Christine Cave to Present at 2017 HR Conference & Expo in Orlando, Florida

By | August 21st, 2017 | News » Leave a comment

On Wednesday, August 30, 2017, attorney Christine Cave & Max Dubroff will discuss workplace internal investigations at the 2017 HR State Conference in Orlando, Florida. The presentation provides HR professionals useful and practical information for completing internal investigations in the workplace as illustrated through their book, “Workplace Internal Investigations: A Novel Approach.” Employers needing assistance on internal investigation should contact the attorneys at Employers Legal Resource Center at 405.702.9797. To purchase a copy of the book today, please follow the link below!

https://www.amazon.com/Workplace-Internal-Investigations-Novel-Approach/dp/1535319208/ref=sr_1_17?ie=UTF8&qid=1472139206&sr=8-17&keywords=workplace+investigations

 

Interesting History: National Labor Union Demands Eight-Hour Workday

By | August 14th, 2017 | News » Leave a comment

Over 150 years ago, a newly organized National Labor Union (NLU) was launched to persuade Congress to mandate an eight-hour workday. The organization was a pioneer coalition of skilled and unskilled workers, farmers, and reformers geared toward creating pressure on Congress to enact labor reforms that would ultimately change the American political and economic system. NLU failed to pressure Congress to shorten the workday; however its efforts heightened public awareness of labor issues and increased public support for labor reform in the 1870s and 1880s.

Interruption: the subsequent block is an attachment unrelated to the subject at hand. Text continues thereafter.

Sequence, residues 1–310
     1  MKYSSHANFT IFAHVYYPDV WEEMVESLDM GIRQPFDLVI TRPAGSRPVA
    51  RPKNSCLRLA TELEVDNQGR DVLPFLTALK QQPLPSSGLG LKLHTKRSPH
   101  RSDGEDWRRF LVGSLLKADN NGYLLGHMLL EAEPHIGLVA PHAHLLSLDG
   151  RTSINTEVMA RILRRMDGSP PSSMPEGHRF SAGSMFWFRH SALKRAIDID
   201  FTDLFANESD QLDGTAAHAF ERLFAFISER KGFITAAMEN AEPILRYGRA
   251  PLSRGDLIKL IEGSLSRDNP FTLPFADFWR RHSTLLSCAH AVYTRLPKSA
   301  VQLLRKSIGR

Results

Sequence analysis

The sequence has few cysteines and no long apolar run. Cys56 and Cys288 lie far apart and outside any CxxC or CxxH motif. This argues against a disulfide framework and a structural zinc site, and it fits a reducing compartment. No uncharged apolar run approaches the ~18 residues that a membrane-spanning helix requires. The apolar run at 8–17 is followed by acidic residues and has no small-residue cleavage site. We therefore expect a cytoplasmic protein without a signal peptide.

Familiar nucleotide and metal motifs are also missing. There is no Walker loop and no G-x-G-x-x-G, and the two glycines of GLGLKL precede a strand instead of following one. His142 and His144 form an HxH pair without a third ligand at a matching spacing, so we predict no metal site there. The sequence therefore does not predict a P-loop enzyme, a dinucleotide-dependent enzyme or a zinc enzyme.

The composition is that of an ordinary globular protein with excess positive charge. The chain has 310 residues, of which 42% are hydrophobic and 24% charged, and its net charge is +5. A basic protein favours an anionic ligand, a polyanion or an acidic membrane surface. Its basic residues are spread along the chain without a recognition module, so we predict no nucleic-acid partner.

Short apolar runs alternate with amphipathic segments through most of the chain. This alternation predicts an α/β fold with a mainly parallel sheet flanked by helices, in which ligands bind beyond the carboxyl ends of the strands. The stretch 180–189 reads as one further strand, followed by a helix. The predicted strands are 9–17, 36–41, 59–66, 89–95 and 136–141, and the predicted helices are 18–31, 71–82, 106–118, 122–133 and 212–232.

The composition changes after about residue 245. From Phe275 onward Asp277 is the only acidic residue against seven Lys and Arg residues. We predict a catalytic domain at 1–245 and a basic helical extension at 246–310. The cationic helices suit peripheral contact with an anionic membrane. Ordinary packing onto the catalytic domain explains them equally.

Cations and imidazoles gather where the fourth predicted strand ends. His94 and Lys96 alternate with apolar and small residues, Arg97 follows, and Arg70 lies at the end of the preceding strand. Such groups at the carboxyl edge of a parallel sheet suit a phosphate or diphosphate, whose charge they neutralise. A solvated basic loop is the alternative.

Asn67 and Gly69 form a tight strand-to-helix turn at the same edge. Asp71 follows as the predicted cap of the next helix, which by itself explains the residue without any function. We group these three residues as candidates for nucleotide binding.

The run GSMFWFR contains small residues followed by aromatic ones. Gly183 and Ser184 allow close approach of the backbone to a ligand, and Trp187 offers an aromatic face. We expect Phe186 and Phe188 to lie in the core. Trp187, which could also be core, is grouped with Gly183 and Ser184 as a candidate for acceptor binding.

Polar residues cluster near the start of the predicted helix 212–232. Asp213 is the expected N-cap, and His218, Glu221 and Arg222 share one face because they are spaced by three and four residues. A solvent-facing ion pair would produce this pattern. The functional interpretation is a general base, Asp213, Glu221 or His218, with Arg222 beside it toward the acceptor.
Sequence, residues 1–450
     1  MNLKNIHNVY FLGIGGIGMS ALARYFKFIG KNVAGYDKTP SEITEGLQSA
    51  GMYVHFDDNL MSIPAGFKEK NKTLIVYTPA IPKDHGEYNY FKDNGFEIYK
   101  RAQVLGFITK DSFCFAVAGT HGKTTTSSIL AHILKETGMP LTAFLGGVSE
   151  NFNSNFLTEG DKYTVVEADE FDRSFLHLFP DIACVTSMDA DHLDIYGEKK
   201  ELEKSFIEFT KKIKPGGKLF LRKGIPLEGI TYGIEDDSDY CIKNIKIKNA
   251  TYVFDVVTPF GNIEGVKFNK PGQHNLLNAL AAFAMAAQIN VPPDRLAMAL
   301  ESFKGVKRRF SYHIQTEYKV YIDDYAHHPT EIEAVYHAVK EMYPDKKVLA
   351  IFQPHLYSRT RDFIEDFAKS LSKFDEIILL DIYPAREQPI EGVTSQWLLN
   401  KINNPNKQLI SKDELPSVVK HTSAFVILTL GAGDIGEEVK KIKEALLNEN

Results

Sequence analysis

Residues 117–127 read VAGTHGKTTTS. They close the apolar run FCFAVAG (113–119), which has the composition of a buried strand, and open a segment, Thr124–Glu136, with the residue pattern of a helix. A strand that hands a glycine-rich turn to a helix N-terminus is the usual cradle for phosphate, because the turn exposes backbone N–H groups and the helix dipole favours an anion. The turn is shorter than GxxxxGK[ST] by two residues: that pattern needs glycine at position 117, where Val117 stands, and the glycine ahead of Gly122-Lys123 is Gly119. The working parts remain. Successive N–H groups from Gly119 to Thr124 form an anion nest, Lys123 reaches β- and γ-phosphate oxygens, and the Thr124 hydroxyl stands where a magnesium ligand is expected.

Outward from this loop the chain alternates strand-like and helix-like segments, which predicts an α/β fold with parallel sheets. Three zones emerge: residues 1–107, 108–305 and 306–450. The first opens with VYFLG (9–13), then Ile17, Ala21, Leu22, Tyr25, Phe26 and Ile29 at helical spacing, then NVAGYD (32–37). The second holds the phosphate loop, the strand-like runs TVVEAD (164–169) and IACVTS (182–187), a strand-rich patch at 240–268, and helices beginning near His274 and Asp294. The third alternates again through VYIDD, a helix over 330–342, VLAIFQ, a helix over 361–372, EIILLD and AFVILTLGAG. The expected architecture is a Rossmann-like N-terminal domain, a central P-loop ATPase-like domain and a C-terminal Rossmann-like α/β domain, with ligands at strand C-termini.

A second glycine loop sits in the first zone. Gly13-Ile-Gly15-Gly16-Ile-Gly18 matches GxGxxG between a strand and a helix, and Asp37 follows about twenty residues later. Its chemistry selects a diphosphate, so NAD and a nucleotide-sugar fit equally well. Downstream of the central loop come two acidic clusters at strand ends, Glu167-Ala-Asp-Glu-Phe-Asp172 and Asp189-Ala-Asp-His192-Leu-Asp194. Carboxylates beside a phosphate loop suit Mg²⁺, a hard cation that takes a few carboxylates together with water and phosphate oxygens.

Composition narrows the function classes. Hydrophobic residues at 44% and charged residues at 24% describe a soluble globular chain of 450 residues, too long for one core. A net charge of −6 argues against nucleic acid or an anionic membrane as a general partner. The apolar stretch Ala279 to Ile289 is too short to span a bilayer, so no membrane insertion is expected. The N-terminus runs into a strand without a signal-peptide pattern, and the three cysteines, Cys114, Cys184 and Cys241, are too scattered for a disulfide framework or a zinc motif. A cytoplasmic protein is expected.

Although some jurisdictions limit the workday to eight hours before an employer must pay a penalty (overtime), federal law is still more flexible. In 1938, Congress passed the Fair Labor Standards Act (FLSA), limiting the total number of hours an employee could work in a week to 44.  The FLSA was subsequently amended to limit the workweek to 40 hours

Employers’ Corner: ELRC Provides Advice & Consulting

By | July 24th, 2017 | News » Leave a comment

The Employers Legal Resource Center provides consulting and advice on a wide variety of employment and business-related legal matters including employee/independent contractor classification, overtime and other wage & hour issues, employee hiring (including background checks), requests for accommodation, drug testing, leave of absence, complaints of harassment or discrimination, employee discipline and termination.